Magazine article Artforum International

Akira Yamaguchi

Magazine article Artforum International

Akira Yamaguchi

Article excerpt

TOKYO

MAISON HERMES 8TH FLOOR LE FORUM

Visitors to Akira Yamaguchi's recent show might not have noticed at First that five columns inside the gallery had been turned into a row of towering electric poles; the mock fixtures--transformer box, power lines, conductors, and so--on camouflage the upper half of each column so convincingly that the objects making up Unforgettable Electric Poles fall works 2012) seem quite real. Yet there was an estranging effect, as in a daydream: The tall glass wall surrounding the gallery emphasized that this was an interior space, underlining the displaced status of the poles. Abundant details--carefully designed fictive accoutrements, sleek in their form and with surfaces impeccably finished to fetishistic standards, as well as the calculated tension in the aligned connecting cables--contribute to the fictitiousness of the ise-en-scne.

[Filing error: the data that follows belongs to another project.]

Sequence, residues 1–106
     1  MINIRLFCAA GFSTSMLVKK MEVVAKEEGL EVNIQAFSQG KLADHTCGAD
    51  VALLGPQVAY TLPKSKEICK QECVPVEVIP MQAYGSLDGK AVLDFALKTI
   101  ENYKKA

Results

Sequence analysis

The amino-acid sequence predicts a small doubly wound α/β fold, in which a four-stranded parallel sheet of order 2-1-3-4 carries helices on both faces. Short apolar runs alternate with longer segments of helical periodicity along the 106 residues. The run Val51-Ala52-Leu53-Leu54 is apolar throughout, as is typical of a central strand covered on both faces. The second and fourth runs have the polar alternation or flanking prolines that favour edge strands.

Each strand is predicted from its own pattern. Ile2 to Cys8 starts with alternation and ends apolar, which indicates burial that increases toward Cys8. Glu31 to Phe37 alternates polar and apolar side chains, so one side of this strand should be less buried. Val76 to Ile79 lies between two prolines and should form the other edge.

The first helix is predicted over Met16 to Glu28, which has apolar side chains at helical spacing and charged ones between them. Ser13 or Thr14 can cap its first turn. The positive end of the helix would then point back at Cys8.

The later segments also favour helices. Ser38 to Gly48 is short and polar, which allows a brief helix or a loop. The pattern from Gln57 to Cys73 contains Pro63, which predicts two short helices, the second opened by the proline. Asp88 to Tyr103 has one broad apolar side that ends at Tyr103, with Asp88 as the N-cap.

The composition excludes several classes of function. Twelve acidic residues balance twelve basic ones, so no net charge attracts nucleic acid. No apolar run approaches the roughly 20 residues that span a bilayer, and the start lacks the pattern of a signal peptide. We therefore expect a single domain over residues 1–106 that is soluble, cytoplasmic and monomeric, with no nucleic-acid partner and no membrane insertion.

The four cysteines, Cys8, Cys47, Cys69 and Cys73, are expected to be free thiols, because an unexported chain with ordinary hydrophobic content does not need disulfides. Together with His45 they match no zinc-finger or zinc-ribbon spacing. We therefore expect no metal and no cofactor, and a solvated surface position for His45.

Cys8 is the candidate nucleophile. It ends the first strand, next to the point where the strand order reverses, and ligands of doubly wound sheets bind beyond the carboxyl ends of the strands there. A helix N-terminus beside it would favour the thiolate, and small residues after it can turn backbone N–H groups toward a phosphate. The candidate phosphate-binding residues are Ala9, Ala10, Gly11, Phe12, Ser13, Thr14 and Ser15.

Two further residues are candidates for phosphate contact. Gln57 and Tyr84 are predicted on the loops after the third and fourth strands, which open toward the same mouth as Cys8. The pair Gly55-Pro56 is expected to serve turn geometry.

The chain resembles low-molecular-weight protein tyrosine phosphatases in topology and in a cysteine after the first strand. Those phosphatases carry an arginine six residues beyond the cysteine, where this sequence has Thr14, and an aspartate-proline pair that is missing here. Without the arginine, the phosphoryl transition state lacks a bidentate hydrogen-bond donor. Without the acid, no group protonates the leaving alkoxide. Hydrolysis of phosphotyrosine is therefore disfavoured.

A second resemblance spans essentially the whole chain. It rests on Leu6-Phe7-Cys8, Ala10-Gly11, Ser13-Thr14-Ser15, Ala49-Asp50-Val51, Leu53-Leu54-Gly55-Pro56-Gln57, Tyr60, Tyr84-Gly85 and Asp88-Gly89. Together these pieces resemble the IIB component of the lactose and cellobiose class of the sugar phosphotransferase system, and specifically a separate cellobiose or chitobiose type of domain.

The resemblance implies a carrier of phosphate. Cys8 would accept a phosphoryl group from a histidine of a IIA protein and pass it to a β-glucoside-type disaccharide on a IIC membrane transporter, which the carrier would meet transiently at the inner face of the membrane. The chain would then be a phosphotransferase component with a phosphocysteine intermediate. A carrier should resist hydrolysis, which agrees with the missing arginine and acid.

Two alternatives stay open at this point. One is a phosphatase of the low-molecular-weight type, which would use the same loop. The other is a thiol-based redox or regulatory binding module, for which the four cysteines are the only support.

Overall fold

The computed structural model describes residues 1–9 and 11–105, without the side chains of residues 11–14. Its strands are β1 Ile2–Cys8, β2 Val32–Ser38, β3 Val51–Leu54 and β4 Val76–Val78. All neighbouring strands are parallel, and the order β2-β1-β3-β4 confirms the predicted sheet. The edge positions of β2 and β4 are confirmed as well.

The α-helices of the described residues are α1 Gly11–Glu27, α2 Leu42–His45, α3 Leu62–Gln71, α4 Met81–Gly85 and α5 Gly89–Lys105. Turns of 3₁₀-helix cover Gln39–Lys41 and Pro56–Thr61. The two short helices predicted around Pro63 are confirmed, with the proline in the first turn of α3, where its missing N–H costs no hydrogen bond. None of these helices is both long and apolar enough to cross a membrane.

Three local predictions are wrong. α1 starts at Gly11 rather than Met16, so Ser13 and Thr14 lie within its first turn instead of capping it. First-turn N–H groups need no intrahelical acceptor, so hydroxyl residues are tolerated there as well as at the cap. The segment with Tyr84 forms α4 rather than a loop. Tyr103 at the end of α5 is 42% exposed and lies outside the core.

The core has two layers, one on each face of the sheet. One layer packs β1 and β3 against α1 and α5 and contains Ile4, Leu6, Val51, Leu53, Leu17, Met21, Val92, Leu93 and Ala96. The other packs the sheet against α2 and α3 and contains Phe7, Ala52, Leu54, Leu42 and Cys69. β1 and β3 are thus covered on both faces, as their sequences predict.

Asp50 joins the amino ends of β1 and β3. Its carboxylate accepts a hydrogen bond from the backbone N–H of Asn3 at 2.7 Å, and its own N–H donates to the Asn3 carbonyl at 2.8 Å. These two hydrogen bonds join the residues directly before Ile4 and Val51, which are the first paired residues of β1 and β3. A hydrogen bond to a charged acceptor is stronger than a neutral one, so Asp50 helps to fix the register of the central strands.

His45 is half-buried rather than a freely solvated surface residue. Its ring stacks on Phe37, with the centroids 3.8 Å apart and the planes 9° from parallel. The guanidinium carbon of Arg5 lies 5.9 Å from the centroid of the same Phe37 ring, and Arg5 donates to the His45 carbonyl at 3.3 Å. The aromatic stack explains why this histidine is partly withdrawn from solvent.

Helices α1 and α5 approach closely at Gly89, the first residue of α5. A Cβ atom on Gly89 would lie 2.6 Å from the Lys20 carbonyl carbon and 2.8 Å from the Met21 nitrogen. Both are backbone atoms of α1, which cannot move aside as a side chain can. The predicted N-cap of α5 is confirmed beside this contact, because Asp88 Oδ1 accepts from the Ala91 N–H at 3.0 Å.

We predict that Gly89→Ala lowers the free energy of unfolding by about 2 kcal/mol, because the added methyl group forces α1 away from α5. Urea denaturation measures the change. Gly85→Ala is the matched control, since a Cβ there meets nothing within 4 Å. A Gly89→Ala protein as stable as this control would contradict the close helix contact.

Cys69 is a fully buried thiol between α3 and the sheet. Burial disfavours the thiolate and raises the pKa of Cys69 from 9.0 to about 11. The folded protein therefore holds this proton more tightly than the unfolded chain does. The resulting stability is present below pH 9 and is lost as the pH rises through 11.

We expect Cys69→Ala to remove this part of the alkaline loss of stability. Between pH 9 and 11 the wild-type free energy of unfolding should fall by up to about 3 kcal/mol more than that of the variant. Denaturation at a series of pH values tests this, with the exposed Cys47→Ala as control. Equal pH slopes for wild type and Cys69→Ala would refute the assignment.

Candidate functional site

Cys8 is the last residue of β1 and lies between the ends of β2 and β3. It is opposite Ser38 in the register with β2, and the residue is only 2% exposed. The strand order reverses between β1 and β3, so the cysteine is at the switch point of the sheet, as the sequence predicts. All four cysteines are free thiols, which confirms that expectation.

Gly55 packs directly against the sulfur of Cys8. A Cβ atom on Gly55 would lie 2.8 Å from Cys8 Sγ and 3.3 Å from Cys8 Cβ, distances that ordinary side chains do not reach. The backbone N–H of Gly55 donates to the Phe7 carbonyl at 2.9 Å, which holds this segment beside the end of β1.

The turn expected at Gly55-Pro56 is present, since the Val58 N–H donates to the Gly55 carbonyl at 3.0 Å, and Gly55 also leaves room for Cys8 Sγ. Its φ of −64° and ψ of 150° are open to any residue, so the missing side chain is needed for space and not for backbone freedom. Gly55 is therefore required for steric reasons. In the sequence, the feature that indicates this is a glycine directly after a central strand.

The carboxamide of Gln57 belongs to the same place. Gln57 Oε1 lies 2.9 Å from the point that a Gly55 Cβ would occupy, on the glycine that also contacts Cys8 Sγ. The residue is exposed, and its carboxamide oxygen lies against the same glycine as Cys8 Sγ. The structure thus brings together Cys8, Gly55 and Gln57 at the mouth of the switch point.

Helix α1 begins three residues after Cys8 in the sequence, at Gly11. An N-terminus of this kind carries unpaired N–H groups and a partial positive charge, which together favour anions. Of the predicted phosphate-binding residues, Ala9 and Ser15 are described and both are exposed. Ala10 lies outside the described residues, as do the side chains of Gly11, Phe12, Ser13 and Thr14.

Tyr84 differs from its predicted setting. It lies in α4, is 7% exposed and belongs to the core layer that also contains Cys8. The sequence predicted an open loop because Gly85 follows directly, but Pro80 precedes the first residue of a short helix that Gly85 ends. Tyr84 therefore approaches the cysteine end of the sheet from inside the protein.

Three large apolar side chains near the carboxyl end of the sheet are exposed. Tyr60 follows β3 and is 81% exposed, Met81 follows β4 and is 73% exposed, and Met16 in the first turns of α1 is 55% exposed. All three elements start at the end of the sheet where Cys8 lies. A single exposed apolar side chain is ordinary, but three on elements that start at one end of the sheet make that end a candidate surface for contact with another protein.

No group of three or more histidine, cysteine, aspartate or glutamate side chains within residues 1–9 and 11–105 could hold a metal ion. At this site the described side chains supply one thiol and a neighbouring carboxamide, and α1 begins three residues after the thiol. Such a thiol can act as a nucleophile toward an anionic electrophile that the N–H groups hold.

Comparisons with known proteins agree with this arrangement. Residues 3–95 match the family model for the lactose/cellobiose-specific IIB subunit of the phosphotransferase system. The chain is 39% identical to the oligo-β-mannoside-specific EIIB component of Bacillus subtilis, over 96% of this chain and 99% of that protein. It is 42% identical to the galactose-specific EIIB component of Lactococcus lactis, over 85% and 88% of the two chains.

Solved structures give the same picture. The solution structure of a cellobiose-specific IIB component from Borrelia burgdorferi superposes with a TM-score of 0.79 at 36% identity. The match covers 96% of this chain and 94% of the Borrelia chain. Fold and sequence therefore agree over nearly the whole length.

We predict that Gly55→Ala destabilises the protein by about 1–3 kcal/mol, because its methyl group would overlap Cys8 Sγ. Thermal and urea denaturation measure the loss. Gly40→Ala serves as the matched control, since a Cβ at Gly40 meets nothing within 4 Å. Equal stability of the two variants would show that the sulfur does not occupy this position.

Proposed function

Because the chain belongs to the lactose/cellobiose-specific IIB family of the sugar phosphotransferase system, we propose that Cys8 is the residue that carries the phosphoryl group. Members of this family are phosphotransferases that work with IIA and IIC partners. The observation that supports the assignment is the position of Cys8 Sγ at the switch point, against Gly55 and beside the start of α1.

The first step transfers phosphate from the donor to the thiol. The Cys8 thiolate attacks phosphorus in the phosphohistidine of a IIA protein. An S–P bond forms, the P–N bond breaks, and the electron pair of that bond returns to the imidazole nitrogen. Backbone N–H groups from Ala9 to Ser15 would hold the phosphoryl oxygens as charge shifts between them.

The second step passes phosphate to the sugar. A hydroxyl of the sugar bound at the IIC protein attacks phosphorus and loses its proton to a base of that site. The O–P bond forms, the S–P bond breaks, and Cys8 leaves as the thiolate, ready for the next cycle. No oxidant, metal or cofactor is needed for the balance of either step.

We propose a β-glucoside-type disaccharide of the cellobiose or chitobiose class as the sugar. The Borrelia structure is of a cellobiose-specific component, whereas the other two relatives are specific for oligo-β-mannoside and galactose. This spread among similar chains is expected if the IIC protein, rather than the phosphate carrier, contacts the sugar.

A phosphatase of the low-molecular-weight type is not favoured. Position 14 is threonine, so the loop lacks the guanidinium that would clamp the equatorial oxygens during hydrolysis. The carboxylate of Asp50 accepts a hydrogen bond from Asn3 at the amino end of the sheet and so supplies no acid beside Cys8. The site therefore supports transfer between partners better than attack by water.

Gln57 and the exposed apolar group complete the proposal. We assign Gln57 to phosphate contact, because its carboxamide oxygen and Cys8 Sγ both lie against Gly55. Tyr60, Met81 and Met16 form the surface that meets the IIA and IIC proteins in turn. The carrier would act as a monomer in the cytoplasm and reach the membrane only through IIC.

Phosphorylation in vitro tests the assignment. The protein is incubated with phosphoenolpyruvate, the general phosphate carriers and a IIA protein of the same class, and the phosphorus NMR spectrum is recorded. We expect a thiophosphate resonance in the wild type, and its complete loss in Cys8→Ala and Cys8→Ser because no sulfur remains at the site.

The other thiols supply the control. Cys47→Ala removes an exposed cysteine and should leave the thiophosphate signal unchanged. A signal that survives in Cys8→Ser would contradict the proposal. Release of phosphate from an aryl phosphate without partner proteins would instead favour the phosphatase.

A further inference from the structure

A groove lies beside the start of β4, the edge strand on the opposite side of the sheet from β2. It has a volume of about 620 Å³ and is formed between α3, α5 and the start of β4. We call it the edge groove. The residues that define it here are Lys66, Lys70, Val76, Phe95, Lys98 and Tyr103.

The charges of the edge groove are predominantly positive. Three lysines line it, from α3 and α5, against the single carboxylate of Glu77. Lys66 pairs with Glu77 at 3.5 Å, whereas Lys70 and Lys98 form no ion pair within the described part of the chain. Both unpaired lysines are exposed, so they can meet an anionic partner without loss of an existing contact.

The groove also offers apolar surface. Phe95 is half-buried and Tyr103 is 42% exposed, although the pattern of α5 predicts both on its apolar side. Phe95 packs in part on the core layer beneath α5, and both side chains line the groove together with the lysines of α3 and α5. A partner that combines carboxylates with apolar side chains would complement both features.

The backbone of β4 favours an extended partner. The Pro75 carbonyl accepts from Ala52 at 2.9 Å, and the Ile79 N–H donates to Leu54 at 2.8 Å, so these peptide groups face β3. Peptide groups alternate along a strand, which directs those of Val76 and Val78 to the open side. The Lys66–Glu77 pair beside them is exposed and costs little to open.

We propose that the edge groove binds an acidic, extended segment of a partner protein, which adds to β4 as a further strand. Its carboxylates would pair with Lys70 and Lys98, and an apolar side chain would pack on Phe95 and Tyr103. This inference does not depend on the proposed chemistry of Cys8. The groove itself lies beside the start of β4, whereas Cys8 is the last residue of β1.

Electric poles have long been among Yamaguchi's subjects, for instance in drawings accompanied by a statement--fictional, of course--that they were initially prototyped by a Meiji flower-arrangement master who wanted to emphasize their beauty over their functionality, the result being a retro-chic wooden pole with a lacquered transformer box and mini paper lanterns crowned with elegant rooftops. In Litt forgettable Electric Poles, a prop-rich narrative develops at eye level too, with various extras attached to each pole: a message board, artificial flowers in a can, a urinal, an overhanging roof where one might take shelter from the rain, and a DIY antiaircraft gun. All represent communication devices, even the over-hanging roof standing, as the artist told me, for a potentially romantic encounter underneath, and the mock weapon (based on one in use during World War II) suggesting a particular relationship between a father and the son for whom he made it. The phantasmagoric poles are animated by fabricated stories. …

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